5. 5. ROADEX III The Northern Periphery Research 8.4 SOME ROADS ARE MORE HAZARDOUS – NOW WE KNOW WHY ...........................................................................125 8.5 LOW AND VARYING MACRO TEXTURE CAUSE SKID ACCIDENTS........................................................................127 8.6 RETHINK CULVERT WORKS................................................................................................................................127 CHAPTER 9. HOW TO USE THE NEW INSIGHT............................................................................................129 9.1 HAULIERS MUST MONITOR DRIVERS WBV EXPOSURE ........................................................................................129 9.2 DEVELOPING USEFUL NEW VEHICLE TECHNOLOGY ...........................................................................................130 9.3 IMPROVING ROAD TRAFFIC CRASH INVESTIGATIONS .........................................................................................131 9.4 IMPROVED ROAD MANAGEMENT .......................................................................................................................132 9.5 ROAD DESIGN POLICY IMPROVEMENTS..............................................................................................................138 9.6 WORK TO BE CONTINUED (IN ROADEX IV?) ...................................................................................................139 CHAPTER 10. FURTHER READING ..................................................................................................................140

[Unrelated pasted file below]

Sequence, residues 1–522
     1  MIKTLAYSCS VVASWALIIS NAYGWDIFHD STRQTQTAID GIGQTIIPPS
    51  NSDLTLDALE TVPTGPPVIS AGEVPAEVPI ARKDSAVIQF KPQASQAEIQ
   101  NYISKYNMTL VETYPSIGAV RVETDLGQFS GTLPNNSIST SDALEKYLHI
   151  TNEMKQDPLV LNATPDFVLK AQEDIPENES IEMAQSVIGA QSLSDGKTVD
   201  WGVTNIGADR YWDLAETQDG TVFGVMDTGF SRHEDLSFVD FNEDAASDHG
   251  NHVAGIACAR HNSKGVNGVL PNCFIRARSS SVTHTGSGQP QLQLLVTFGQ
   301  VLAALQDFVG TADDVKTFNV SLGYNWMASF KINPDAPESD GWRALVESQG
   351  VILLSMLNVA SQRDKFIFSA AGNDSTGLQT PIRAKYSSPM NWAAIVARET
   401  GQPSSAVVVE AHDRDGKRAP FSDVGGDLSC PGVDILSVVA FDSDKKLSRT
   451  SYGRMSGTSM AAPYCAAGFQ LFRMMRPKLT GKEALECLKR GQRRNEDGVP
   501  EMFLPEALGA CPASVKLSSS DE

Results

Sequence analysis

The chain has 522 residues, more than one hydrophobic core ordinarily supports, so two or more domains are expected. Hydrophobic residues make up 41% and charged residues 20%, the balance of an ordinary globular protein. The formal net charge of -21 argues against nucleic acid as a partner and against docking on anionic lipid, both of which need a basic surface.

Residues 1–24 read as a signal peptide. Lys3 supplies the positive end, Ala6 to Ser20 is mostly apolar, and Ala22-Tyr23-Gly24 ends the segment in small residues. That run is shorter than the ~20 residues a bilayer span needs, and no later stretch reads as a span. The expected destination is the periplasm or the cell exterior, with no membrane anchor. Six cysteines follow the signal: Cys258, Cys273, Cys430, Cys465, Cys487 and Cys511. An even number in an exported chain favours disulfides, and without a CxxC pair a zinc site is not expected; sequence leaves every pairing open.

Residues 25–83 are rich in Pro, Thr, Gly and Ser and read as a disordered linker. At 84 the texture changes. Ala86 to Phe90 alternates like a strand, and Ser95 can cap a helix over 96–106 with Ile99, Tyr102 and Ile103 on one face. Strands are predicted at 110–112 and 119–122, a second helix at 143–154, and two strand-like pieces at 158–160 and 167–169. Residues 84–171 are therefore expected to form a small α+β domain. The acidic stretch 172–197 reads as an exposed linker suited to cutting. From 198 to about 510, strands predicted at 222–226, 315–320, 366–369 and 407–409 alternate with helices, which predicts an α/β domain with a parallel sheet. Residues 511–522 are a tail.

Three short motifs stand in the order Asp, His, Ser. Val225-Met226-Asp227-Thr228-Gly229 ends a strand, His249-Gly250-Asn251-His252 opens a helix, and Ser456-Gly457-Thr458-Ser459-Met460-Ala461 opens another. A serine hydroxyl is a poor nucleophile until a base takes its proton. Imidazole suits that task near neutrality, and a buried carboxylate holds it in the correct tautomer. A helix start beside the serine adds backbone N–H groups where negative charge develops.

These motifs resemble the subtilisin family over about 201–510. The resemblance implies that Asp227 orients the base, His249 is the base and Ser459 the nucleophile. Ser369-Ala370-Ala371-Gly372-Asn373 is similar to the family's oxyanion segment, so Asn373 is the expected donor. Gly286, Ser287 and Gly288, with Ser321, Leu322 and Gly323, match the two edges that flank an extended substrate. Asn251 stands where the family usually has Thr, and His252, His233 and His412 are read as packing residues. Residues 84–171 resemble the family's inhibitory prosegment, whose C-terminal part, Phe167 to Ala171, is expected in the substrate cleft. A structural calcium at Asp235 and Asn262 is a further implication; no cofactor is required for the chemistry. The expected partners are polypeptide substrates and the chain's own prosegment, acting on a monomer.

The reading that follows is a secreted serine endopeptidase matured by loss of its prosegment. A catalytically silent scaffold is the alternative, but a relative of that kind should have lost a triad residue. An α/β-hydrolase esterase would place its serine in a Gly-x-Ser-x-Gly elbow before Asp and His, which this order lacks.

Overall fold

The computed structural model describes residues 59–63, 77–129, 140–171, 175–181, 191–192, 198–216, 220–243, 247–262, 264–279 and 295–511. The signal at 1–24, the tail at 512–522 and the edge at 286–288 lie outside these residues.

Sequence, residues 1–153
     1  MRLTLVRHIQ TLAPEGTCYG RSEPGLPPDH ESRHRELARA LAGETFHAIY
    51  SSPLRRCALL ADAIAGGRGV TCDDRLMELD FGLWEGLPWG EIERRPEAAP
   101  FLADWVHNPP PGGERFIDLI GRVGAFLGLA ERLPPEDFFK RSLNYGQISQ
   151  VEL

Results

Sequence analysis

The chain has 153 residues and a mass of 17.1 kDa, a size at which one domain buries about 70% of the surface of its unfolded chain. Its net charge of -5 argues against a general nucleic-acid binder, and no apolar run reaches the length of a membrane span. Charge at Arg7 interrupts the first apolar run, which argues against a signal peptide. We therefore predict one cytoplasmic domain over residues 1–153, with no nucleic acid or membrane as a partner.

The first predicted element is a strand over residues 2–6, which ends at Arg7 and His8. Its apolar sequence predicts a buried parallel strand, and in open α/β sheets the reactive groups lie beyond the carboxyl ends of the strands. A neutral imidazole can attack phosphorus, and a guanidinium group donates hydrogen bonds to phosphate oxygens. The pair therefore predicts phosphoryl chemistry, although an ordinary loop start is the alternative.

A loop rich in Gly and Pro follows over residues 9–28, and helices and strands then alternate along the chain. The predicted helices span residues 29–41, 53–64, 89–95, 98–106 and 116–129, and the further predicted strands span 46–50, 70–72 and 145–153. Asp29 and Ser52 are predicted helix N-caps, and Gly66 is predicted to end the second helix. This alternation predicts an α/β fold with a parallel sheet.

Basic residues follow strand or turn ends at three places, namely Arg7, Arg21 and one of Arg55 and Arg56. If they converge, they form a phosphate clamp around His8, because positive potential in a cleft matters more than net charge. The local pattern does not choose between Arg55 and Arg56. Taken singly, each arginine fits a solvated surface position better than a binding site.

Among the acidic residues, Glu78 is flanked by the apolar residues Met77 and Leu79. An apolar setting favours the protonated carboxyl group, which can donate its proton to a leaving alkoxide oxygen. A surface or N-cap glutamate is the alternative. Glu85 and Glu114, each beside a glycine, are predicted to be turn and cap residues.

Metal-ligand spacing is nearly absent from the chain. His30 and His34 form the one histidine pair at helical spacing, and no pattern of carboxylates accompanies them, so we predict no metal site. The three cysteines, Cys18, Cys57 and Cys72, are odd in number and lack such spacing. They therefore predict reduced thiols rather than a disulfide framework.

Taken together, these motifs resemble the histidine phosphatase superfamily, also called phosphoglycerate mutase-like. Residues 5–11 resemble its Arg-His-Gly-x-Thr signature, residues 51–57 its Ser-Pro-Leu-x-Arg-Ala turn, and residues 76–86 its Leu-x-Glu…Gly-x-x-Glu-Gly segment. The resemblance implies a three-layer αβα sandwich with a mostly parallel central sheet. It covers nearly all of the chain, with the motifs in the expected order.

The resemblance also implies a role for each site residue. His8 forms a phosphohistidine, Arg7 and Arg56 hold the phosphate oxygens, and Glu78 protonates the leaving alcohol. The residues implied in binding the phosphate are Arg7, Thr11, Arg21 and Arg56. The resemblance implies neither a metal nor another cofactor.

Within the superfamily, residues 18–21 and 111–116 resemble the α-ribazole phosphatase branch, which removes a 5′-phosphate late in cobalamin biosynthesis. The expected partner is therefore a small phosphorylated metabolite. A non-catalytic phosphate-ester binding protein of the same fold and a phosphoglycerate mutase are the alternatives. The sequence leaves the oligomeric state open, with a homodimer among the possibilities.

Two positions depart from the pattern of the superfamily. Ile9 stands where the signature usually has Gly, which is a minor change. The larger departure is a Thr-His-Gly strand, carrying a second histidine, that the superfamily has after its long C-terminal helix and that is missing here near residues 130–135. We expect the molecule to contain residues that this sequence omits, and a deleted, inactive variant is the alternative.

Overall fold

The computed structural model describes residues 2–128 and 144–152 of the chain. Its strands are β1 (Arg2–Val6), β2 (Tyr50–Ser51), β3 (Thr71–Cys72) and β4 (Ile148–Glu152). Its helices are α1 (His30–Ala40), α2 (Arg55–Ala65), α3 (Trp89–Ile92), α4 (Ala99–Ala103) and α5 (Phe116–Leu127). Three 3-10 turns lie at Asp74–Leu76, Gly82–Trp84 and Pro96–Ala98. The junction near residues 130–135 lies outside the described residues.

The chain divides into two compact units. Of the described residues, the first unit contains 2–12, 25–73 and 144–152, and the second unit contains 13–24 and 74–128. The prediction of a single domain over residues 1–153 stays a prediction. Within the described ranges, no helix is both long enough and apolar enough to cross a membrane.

6. 6. ROADEX III The Northern Periphery Research ABSTRACT The EU ROADEX Project 1998 - 2007 is a trans-national roads co-operation aimed at develop- ing ways for interactive and innovative management of low traffic volume roads throughout the cold climate regions of the Northern Periphery Area of Europe. Its goals have been to facilitate co-operation and research into the common problems of the Northern Periphery. The overall objective for this research task was to increase the understanding for road user’s health risks when riding on roads in poor condition. Better knowledge will facilitate the reduction of the risks, by means of improved pavement management, more conscious truck, bus and am- bulance operations, and inspire to vehicle suspension systems improvements. The report commences with generic descriptions of how safety and health can be affected by ride vibration, how truck suspension systems isolate and amplify vibration at various frequen- cies, and how pavement properties, such as cross slope, control the important forces at work. A case study is reported from the Beaver Road 331 in northern Sweden. A heavy timber logging truck was instrumented to measure ride vibration and direction. Measurements were taken at a range of points (seat, cab, frame and wheels) and the results stored together with data on speed and interior noise. Ride vibration data from repeated rides over a 280 km long round trip from forest to coast industries was then compared with reference data on pavement condition, scanned by a laser/inertial Profilograph. Results obtained included: • The daily exposure to Whole-Body Vibration, the A(8)-value, for timber truck drivers rid- ing constantly on roads such as Rd 331 were unacceptably high, when compared to the health and safety Action Value in Directive 2002/44/EC. • The truck drivers were exposed to unacceptably health risks in the back when driving at modest speed over the worst bumps, due to high spinal compression doses, Sed, as per the ISO 2631-5 standard. • A derived draft limit of 0.30 % for undesired variance in cross slope. This could be useful in pavement management to prevent roll-motion and lateral forces in road vehicles. The case study also produced valuable spin-offs in new methods for analyzing traffic safety risks arising from incorrectly banked curves and low drainage gradients. Hospital records from accidents at Rd 331 (mainly skid accidents) were found to match road sections with high cross slope variance, curves with incorrect superelevation, transition sections with low drainage gradi- ents, and sections with high skid risk due to low/varying Macro Texture. These serious findings call for both short and long term actions. Road agencies should use the demonstrated methods to quickly identify hazardous sites and warn road users of them. Road repair planning and prac- tices should be improved, and funding for road repair should be increased. An extraordinary insight after the case study is that many new roads all over the EU Northern Periphery area have skid risks inbuilt due to low drainage gradients at entrances and exits of certain curves. These risks should be eliminated by modification of road design codes, road de- sign software, road construction practices, and improved end quality control.